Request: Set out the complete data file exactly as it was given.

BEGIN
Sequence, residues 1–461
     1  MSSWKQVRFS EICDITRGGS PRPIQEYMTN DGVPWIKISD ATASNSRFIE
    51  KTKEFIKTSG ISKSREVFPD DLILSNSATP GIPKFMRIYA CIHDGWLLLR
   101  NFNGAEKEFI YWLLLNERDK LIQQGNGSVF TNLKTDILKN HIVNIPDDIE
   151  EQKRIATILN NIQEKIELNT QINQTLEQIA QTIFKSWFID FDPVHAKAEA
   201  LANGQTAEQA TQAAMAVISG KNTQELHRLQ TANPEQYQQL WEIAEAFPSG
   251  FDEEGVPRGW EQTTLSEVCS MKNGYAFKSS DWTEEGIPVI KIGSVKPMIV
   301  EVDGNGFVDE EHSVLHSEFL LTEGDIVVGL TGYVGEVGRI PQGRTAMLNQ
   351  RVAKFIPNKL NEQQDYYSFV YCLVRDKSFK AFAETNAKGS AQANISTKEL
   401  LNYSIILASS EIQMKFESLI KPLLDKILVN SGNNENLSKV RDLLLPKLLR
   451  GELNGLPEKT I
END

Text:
Sequence, residues 1–461
     1  MSSWKQVRFS EICDITRGGS PRPIQEYMTN DGVPWIKISD ATASNSRFIE
    51  KTKEFIKTSG ISKSREVFPD DLILSNSATP GIPKFMRIYA CIHDGWLLLR
   101  NFNGAEKEFI YWLLLNERDK LIQQGNGSVF TNLKTDILKN HIVNIPDDIE
   151  EQKRIATILN NIQEKIELNT QINQTLEQIA QTIFKSWFID FDPVHAKAEA
   201  LANGQTAEQA TQAAMAVISG KNTQELHRLQ TANPEQYQQL WEIAEAFPSG
   251  FDEEGVPRGW EQTTLSEVCS MKNGYAFKSS DWTEEGIPVI KIGSVKPMIV
   301  EVDGNGFVDE EHSVLHSEFL LTEGDIVVGL TGYVGEVGRI PQGRTAMLNQ
   351  RVAKFIPNKL NEQQDYYSFV YCLVRDKSFK AFAETNAKGS AQANISTKEL
   401  LNYSIILASS EIQMKFESLI KPLLDKILVN SGNNENLSKV RDLLLPKLLR
   451  GELNGLPEKT I